Another pressure measurement approach in lieu of tube 21 connected to pipe 17 could be having the upstream 23 or downstream 24 flow pressure measurement, whether gauge or absolute, taken from tube 12 or 13, respectively, with a pressure sensor similar to sensor 22 situated within a structure like that of pressure sensor 20, as shown in
An illustrative example of a differential pressure sensor and static pressure system 20 is shown in
Glass tube 33 may have a central bore 37 and glass tube 34 may have a central bore 38. Central bore 37 may be coupled to a first fluid port 39 which may extend to the surface of package 26 at a location 41 between first end 27 and waist 29, as shown in
Sensor header 25 may be coupled to a conventional diaphragm assembly. Each of piezoresistive silicon membranes 35, 36 may be provided with a respective strain gauge 44, 46. First strain 44 gauge may be exposed on one side to high pressure P1 and on the other side to low pressure P2. Thus, the differential voltage from the first strain gauge may be proportional to the differential pressure dP=P1−P2. Second strain gauge 46 may be exposed on one side to high pressure P1 and on the other side to the atmosphere. Thus, the differential voltage from the second strain gauge may be proportional to the static gauge pressure P1gauge=P1−ATM. The nodes of the strain gauges may be coupled via circuit board 31 to pins 32.
Glass tubes 33, 34 may be mounted in the package with epoxy and their positions may be located with the aid of roll pins 47, 48. Attachment of the tubes may also be done by soldering. Piezoresistive silicon membranes or diaphragms 35, 36 may be bonded to respective tubes 33, 34, respectively, by thermoelectric (anodic) bonding. Package 26 may be made from stainless steel although other materials may be used. Illustrative instances of dimensions may include a package having an overall length of approximately 23 mm (excluding the pins), and an overall diameter of approximately 18 mm.
Line 52 may convey a static pressure signal to a buffer 83 which may output a signal 84 representing the static pressure signal and the noise level of the static pressure signal. Signal 84 may go to an ADC circuit 85. Output 88 may go to a logic circuit 60. Again, since the pressure sensitivities of the two sensors are different, the noise level would be normalized for each sensor within logic circuit 60 so that a meaningful comparison may be made.
Line 52 may convey a static pressure signal to a buffer and filter 63 which may output a signal 64 representing the noise level of the static pressure signal. Signal 64 may represent the level of an RMS, peak, or peak-to-peak or other representative value of the noise. Signal 64 may go to a comparator-like circuit 65. Also input to circuit 65 from a reference source 67 is a signal 66 representing the normal noise level of a signal from static pressure sensor 22 functioning normally with impulse lines 12 and 13 open. Three outputs from circuit 65 may occur. Output 68 of circuit 65 may indicate that the noise signal 64 is greater than, about equal to or less than the normal noise level signal 66. Output 68 may go to a logic circuit 60. Again, since the pressure sensitivities of the two sensors are different, the noise level would be normalized for each sensor so that a meaningful comparison can be made.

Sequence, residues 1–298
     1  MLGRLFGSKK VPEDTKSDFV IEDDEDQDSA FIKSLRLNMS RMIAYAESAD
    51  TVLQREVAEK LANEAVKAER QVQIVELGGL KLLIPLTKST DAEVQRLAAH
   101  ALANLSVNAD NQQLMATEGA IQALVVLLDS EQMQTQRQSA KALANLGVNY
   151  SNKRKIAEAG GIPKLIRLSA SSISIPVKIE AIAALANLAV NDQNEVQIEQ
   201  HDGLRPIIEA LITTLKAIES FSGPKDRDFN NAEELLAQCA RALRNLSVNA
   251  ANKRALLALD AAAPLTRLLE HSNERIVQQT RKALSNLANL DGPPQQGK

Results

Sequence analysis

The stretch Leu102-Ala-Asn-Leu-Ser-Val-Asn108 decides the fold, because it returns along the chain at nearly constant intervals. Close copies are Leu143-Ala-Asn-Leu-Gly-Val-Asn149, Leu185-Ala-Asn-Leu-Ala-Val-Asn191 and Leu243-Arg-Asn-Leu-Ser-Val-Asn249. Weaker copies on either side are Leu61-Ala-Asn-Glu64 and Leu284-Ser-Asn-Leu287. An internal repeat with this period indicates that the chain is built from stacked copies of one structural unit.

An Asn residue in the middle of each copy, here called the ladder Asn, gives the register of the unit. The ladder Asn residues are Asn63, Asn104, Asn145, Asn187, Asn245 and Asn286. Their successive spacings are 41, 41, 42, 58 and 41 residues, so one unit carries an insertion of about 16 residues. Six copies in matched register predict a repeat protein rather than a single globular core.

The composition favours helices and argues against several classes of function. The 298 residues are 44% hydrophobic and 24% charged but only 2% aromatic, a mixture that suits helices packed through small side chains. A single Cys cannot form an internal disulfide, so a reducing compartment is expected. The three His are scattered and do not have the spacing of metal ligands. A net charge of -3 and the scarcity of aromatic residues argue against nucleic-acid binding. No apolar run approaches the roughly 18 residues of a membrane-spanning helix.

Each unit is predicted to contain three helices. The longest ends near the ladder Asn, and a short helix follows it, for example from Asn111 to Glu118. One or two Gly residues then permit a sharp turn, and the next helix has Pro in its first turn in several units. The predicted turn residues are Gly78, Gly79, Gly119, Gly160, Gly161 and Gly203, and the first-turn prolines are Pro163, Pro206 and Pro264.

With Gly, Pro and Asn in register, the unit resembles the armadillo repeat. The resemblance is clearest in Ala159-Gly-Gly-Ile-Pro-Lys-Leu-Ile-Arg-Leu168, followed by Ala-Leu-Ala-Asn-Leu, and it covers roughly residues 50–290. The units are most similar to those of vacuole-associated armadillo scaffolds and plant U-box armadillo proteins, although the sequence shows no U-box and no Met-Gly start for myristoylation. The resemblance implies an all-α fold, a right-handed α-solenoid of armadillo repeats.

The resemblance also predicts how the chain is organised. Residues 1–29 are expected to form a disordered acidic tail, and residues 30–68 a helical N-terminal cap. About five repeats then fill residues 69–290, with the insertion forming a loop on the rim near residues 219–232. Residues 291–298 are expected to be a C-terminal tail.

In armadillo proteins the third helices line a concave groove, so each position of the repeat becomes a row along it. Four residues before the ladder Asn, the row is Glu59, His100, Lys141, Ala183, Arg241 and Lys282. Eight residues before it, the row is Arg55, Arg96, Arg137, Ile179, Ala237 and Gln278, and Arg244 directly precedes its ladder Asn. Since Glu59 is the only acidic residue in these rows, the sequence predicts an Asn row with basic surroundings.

Logic circuit 60 may take inputs and output a diagnostic signal 69 indicating whether both lines 12 and 13 are blocked, one line is blocked and which one, or no lines are blocked. Circuit 60 may be designed to interface appropriately with digital or analog input signals. Output signal 69 may go to a computer, display, process equipment, system or the like for diagnostic review, storage, system control, computations and/or review. Signal 69 may have other kinds of destinations. Signal transmission may be by various kinds of media and in a variety of digital or analog formats.
Although the invention has been described with respect to at least one illustrative embodiment, many variations and modifications will become apparent to those skilled in the art upon reading the present specification. It is therefore the intention that the appended claims be interpreted as broadly as possible in view of the prior art to include all such variations and modifications.
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|Mar 22, 2004||AS||Assignment|
|Mar 26, 2009||FPAY||Fee payment|
Year of fee payment: 4
|Mar 18, 2013||FPAY||Fee payment|
Year of fee payment: 8